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Contents

Music In The Seventeenth And Eighteenth Centuries

ROOTS (DOMESTIC)

Chapter:
CHAPTER 6 Class of 1685 (I)
Source:
MUSIC IN THE SEVENTEENTH AND EIGHTEENTH CENTURIES
Author(s):
Richard Taruskin

It was as “predefined” as that because J. S. Bach happened to come from an enormous clan or dynasty of Lutheran church musicians dating back to the sixteenth century. So long and firmly associated was the family with the profession they plied that in parts of eastern Germany the word “Bach” (which normally means “brook” in German) was slang for musician. The New Grove Dictionary of Music and Musicians lists no fewer than eighty-five musical Bachs, from Veit Bach (ca. 1555–1619), a baker from Pressburg (now Bratislava in Slovakia) who enjoyed a local reputation for proficiency on the cittern (a plectrum-plucked stringed instrument related to the lute and the mandolin), down ten generations to Johann Philipp Bach (1752–1846), court organist to the Duke of Meiningen.

Citation (MLA):
Richard Taruskin. "Chapter 6 Class of 1685 (I)." The Oxford History of Western Music. Oxford University Press. New York, USA. n.d. Web. 13 Dec. 2018. <http://www.oxfordwesternmusic.com/view/Volume2/actrade-9780195384826-div1-06003.xml>.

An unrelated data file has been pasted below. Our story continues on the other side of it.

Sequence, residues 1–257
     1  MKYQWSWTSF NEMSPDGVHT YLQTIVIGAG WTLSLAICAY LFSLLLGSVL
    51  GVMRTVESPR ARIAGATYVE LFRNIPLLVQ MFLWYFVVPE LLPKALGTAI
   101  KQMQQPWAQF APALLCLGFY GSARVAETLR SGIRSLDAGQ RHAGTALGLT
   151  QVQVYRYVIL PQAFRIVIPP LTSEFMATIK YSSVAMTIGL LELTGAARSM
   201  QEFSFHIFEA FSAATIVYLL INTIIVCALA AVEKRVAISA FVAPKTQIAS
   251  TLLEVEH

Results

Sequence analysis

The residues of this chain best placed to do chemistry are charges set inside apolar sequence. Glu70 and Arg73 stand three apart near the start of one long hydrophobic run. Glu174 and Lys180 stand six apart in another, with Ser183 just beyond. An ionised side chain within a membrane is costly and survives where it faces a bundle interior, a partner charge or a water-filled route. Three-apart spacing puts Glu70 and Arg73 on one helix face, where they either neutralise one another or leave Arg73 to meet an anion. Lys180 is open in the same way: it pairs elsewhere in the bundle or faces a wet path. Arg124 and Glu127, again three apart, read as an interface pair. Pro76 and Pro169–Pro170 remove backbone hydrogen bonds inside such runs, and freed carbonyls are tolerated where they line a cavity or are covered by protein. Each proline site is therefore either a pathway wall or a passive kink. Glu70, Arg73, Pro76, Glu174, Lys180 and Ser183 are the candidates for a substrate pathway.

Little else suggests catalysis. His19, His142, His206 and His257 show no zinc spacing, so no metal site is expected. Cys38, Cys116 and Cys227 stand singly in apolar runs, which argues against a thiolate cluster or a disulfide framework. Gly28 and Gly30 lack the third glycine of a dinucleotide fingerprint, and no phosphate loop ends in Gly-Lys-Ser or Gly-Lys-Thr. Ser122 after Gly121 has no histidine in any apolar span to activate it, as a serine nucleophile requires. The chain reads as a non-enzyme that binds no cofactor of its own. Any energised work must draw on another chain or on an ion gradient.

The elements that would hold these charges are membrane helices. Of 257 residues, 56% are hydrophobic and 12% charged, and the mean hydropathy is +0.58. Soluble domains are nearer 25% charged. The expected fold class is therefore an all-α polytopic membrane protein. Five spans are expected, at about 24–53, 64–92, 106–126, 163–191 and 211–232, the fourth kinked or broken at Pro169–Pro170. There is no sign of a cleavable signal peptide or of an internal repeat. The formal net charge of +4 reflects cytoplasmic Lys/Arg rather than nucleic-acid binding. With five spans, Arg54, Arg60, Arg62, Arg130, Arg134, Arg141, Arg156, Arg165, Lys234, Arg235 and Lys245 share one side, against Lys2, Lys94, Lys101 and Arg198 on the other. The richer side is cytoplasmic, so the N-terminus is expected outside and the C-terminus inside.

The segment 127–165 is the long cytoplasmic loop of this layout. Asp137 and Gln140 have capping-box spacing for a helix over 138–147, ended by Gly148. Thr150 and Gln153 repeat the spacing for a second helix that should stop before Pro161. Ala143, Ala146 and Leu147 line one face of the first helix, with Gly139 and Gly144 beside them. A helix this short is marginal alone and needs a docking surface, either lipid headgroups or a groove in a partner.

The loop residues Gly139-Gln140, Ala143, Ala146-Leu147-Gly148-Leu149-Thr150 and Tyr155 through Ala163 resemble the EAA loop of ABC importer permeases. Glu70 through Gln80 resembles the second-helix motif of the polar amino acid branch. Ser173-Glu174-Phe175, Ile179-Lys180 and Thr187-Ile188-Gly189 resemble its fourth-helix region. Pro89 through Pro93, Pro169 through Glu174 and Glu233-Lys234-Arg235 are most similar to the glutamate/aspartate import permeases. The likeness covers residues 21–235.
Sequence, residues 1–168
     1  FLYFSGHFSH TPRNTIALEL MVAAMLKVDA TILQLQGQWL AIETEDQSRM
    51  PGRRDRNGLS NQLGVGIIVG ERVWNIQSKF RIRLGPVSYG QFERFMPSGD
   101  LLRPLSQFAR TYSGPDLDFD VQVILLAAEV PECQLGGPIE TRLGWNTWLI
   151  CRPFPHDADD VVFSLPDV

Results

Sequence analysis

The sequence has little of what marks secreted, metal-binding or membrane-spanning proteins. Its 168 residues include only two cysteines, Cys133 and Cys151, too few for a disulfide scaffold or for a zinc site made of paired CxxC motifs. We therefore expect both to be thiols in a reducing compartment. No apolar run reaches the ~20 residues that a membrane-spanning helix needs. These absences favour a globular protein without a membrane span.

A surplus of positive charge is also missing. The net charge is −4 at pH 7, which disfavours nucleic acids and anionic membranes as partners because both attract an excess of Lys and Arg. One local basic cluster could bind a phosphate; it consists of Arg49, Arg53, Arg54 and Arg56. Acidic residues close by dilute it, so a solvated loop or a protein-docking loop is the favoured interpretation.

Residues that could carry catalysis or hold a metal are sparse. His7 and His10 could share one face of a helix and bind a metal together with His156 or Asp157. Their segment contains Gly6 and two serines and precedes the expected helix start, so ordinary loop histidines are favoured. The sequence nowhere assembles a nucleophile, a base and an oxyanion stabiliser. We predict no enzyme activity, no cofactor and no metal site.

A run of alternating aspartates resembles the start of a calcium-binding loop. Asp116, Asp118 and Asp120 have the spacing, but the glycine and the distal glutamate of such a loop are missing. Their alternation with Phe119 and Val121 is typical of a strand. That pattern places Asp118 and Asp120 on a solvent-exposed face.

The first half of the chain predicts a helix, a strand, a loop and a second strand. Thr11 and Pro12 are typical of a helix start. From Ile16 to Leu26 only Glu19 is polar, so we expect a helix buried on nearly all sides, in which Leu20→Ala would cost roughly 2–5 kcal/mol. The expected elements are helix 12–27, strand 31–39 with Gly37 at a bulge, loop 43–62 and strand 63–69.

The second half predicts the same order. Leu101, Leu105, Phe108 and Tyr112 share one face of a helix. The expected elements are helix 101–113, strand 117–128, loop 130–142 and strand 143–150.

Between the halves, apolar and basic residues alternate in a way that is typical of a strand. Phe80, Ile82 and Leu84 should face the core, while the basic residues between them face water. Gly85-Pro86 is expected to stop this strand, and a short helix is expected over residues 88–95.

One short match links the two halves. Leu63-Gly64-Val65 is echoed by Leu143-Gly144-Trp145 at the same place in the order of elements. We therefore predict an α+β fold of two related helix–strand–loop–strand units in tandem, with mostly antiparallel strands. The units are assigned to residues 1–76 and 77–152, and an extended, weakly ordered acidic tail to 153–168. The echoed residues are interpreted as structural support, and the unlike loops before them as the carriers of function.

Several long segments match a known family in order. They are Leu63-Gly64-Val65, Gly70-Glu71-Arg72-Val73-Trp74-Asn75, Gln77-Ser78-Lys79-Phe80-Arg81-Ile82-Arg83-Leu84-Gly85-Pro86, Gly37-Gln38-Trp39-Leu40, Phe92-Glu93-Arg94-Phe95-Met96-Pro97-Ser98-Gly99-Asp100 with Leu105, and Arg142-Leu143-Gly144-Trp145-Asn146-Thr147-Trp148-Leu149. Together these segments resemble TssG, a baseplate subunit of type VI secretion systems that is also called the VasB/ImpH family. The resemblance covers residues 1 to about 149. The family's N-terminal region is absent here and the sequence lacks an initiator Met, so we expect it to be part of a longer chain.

Citation (APA):
Taruskin, R. (n.d.). Chapter 6 Class of 1685 (I). In Oxford University Press, Music In The Seventeenth And Eighteenth Centuries. New York, USA. Retrieved 13 Dec. 2018, from http://www.oxfordwesternmusic.com/view/Volume2/actrade-9780195384826-div1-06003.xml
Citation (Chicago):
Richard Taruskin. "Chapter 6 Class of 1685 (I)." In Music In The Seventeenth And Eighteenth Centuries, Oxford University Press. (New York, USA, n.d.). Retrieved 13 Dec. 2018, from http://www.oxfordwesternmusic.com/view/Volume2/actrade-9780195384826-div1-06003.xml
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